Last Friday, in response to our post the previous day reproducing the Official Information request replies, the following e-mail was sent to elected council members and staff:

Good afternoon all

You may have seen or heard about the article posted on the Waikanae Watch blog yesterday referring to an Official Information Request response that my team have compiled for [us] recently regarding funding for Housing for Older People.

While the information provided in the letter, which has been published on the blog site, is technically correct in terms of the first two questions asked, (total income versus maintenance costs) it does not paint a fuller and more accurate picture of the funding model used for this portfolio of work.

[Our] blog asserts that the housing portfolio brings in more than it costs.  This is not correct.  When all of the indirect costs such as depreciation, rates, insurance, staffing costs and other internal allocations are attributed, the portfolio recovers only approximately 80% of total cost for service.  This percentage of course varies year on year depending on the maintenance and refurbishment work we undertake in any given year, however is in line with our current Revenue and Finance Policy.

While our response to the LGOIMA was technically correct, in hindsight I could have avoided the slant this blog has taken by providing a fuller response than just to those questions asked.

As always, please feel free to contact me if you have any questions arising.

Kind regards

James Jefferson
Group Manager Place & Space
Te Kaihautū Takiwā, Waahi hoki

Clearly, the KCDC is anxious to dispel the idea that the units make a profit; but what does it mean by “indirect costs such as depreciation, rates, insurance, staffing costs and other internal allocations”?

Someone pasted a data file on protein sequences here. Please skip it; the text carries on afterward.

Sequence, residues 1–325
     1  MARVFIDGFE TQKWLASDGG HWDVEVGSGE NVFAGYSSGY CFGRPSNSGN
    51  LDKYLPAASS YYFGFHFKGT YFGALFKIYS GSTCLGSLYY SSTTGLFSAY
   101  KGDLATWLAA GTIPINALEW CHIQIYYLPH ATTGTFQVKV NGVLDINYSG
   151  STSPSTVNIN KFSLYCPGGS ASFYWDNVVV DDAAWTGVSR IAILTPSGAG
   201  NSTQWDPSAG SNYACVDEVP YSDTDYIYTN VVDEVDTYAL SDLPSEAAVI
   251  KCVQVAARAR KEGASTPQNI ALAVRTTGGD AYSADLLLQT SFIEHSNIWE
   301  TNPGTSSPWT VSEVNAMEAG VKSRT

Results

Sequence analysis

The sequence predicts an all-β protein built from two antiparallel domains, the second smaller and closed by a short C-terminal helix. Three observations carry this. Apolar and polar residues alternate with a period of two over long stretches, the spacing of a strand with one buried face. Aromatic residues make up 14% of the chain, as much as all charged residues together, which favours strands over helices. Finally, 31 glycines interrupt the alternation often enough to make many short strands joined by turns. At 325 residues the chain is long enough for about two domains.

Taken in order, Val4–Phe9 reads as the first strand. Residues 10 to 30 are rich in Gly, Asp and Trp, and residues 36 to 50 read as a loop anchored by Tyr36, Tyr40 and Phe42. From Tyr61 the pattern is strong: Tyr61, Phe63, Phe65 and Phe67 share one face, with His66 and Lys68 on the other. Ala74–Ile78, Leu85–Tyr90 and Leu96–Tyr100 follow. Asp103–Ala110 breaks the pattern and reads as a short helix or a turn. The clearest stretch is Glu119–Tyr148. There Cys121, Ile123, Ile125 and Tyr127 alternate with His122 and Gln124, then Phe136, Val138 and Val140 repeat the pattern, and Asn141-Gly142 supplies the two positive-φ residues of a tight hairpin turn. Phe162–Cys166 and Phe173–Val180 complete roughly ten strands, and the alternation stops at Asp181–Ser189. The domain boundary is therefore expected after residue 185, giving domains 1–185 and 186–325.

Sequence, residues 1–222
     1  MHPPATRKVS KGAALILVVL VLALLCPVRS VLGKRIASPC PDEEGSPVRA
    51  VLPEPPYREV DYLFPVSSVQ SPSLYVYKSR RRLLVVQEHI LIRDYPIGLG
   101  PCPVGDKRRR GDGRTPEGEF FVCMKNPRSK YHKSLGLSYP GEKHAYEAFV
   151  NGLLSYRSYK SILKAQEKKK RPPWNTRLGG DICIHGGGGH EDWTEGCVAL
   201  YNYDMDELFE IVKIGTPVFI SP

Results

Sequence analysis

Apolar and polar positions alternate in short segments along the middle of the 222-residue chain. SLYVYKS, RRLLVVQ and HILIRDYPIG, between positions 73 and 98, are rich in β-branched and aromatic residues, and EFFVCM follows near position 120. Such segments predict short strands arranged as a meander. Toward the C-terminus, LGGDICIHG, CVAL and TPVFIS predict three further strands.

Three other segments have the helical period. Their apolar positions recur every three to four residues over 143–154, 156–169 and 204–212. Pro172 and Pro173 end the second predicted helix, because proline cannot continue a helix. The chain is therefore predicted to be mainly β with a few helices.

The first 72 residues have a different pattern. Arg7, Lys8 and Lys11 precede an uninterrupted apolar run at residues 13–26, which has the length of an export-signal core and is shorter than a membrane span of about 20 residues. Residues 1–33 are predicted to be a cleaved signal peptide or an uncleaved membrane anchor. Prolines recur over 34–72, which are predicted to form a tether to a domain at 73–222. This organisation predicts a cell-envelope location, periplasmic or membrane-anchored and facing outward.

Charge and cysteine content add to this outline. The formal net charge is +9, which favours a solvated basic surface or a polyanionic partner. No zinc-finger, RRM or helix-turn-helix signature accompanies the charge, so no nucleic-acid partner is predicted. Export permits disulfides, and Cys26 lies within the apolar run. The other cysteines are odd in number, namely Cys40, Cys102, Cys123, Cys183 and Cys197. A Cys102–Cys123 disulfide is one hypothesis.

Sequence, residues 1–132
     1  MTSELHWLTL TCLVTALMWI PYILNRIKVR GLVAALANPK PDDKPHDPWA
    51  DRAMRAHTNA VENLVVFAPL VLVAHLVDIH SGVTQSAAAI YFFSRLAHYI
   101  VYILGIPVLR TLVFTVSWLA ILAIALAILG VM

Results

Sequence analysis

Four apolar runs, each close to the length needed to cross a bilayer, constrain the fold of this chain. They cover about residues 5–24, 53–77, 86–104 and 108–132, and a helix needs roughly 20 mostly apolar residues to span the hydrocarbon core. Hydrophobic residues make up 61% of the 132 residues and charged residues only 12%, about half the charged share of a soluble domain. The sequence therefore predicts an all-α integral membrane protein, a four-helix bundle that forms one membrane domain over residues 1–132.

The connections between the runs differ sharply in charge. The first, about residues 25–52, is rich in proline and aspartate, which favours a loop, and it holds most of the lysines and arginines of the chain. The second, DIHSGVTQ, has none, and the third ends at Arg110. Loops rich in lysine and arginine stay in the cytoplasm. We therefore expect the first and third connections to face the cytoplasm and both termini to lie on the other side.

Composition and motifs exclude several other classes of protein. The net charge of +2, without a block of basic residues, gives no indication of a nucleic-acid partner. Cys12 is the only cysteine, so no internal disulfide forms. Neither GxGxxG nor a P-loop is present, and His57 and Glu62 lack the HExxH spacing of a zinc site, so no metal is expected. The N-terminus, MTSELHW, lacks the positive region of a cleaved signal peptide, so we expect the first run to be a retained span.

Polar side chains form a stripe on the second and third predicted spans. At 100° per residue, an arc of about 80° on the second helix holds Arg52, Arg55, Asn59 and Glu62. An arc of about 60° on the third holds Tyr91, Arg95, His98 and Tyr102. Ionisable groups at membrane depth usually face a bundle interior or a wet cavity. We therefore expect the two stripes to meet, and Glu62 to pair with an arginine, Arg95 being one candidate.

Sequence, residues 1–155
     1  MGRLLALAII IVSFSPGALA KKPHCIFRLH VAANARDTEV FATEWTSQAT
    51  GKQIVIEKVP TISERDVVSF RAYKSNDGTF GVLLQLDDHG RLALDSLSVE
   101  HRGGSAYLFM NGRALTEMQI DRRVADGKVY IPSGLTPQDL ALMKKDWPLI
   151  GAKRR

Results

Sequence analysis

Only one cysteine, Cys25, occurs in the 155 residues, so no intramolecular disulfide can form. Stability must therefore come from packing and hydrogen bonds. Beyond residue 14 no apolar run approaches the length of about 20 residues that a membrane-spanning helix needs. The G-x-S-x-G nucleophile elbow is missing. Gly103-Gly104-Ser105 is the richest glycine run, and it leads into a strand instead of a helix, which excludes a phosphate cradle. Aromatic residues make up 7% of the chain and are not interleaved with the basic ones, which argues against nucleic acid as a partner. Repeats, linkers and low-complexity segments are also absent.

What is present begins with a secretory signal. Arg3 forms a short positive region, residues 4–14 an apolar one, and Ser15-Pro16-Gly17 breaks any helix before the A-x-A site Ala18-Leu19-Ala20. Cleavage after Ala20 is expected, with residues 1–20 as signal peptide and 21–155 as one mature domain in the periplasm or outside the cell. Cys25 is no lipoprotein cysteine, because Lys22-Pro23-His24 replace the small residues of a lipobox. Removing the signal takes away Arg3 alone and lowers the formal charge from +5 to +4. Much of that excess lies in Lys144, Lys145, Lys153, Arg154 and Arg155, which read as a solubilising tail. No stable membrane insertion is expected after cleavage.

What does maintenance and and refurbishment do, if not deal with depreciation? The two aren’t the same; maintenance means tradespeople fixing things like plumbing, wiring, guttering, cracked paths and the like; refurbishment is at the least replacing old fixtures and fittings with new ones, maybe redecorating.  It probably won’t be comprehensive, though: unlike a retirement village, the council won’t be seeking increased unit valuations so it can charge the next tenant more.

Perhaps the council views deterioration and depreciation as two different things?  Does it apply a fixed depreciation rate to all the units regardless?  In standard accounting thought, with buildings this is 1% of the original cost a year, but that is an arbitrary thing and not necessarily real.

Rates?  The council would be paying rates to itself — unless it has to remit the portion that goes to the Wellington Regional Council, regardless.

Insurance, yes, but what does the council insure — a basic fire and extraneous perils policy, the cheap form of insurance; or comprehensive full replacement?

Staffing costs — does this mean having someone go around making periodic inspections,  plus the cost of billing and receiving payments, receiving maintenance requests and arranging for a tradie?

In any event, the council’s accounting team seem to have decided upon revenue being only 80% of costs.  That is reflected in the OIA response that Cr Jackie Elliott got in May on the subject:

OIA JElliott

Jackie Elliott doesn’t think much of the standard of the units: “The market rents would be minimal for a one or two bedroom sized semi-detached unit, usually without a carport or garage. They are pretty pitiful inside and out, all need a major upgrade including double glazing and new floor coverings.  And all over 30 years old.”

Your editors can’t verify the comment about them being “pitiful inside and outside” from first hand experience, but it’s apparent that they can at least be described as basic and dreary.

What the council is careful to omit is any consideration of appreciation of the land values, which would be quite significant and almost certainly well in excess of the alleged bottom line ‘deficit’ figures in response to question 2 shown in the Official Information response above.

Why is the council worried?  Probably because it wants to sell them off, which we suspected was the case in a post in April last year.